Anonymous said...

This is indeed not the only plagiarism that Cardullo has undertaken. The introduction (which he "wrote") to Theater of the Avant Garde, a book he coedited with Robert Knopf, has whole passages in it directly out of Christopher Innes's Avant Garde Theatre. It's so disappointing to look at a career that prolific and realize it is built on theft.

Jerry White said...

I read what you wrote in Senses of Cinema, largely because I had read and enjoyed Cardullo's writing. I found what you wrote there sad; I suppose a more intense emotion was probably called for. Anyway, I wonder if you have seen this, specifically the first blurb there:

Dan Harper said...

I couldn't access the link you left. I suppose the less intense emotion you felt when you read my article is a general one, but I suspect that the cat may finally be out of the bag for Cardullo.

Jerry White said...

Well, I think you oughta see this. These are the blurbs on the publisher website for his new book, Screen Writings, published in March 2010:

'Among my contemporaries, the best film critic writing in English in America is Bert Cardullo, and 'Screen Writings' proves why.' Dan Harper, American film scholar

'A lot of what Bert Cardullo has to say about contemporary world cinema would be interesting to a very wide audience. He is someone with an impressive and stimulating command of the difficult dance of the film review.' Jerry White, University of Alberta

'Bert Cardullo's articles and reviews are invariably intelligent, original, and highly informed. I have been a sturdy admirer of his work for years; he's a solid writer and an equally solid judge.' Frederick Morgan, American poet

The full link is at

Dan Harper said...

That blurb is also on the Amazon page. Just shows you how a favorable blurb can be extracted from even a negative review (mine was as favorable as I could make it, under the circumstances).

The late Fred Morgan gave Cardullo a job at The Hudson Review in the '80s. It's a mercy that he isn't around any more to see what a mess Cardullo has made of his trust.

But I'm beginning to believe that Cardullo would have to commit murder before anyone else would notice how much "borrowing" (I'm in a generous mood) he's been doing over the years.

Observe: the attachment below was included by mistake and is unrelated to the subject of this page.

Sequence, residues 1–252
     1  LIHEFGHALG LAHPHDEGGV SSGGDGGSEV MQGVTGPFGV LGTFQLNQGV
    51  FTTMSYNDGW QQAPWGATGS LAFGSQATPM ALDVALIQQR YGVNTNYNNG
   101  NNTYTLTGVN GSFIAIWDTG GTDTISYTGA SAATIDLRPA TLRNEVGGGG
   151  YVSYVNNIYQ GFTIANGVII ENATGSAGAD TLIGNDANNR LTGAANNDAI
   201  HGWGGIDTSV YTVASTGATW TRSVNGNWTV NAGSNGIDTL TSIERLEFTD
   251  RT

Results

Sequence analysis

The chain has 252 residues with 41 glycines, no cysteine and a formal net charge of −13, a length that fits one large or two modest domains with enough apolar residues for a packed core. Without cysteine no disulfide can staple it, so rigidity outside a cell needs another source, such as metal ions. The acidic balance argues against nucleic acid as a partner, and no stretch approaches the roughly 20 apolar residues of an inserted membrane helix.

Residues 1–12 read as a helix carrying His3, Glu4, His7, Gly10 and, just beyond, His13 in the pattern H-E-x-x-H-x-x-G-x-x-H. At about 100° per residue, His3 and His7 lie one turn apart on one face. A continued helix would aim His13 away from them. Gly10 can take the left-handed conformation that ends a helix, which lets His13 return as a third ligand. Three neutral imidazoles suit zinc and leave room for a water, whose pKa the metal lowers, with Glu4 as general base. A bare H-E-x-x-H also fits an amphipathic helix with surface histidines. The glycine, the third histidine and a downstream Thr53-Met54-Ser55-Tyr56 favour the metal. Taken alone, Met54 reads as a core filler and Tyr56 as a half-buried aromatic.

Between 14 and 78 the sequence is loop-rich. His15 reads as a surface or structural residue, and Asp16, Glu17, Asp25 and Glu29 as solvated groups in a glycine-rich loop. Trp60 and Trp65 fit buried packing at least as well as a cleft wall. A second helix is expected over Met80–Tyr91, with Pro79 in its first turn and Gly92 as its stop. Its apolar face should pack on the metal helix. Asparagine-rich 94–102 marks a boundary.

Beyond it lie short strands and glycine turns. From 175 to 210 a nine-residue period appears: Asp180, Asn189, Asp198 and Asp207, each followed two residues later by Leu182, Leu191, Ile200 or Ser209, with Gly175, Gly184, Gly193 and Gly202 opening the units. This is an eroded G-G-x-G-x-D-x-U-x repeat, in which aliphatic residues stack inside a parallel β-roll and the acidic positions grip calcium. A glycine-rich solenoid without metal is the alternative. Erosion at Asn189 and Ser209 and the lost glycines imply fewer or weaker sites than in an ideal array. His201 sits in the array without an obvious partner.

Thanks for the link.

Anonymous said...

Pages 70-72 and pages 85-86 of Cardullo's "Vittorio De Sica" are plagiarized from Stanley Kauffmann's reviews of "Two Women" and "A Brief Vacation" in "The New Republic" (May 22, 1961 and March 8, 1975 issues). Several sentences are lifted verbatim; Kauffmann's reviews are not quoted, cited, or acknowledged as sources.

Pages 56-58 and page 195 of Cardullo's book "Waves from the East" are lifted directly from Kauffmann's "New Republic" reviews of "Turtles Can Fly" and "What Time is it There?" (March 7, 2005 and February 4, 2002 issues).

Cardullo's two-volume "Screen Writings" is replete with plagiarisms from Kauffmann's old reviews. In Volume 1: pages 94-98 are stolen from the reviews of Olmi's films "The Sound of Trumpets" and "The Fiances" in the August 17, 1963 and February 15, 1964 issues of "The New Republic"; and pages 198-199 are taken almost vebatim from Kauffmann's review of "The Last Picture Show" in the October 16, 1971 issue of "The New Republic". In Volume 2: large portions of pages 16-21 are stolen from Kauffmann's reviews of "The Goodbye Girl" and "Manhattan" in the December 17, 1977 and May 19, 1979 issues of "The New Republic"; and pages 36-46 include several paragraphs Cardullo lifted from Kauffmann's reviews of "Eternal Sunshine of the Spotless Mind" and "Me You and Everyone We Know" (April 5, 2005 and July 11/18, 2005 issues of "The New Republic").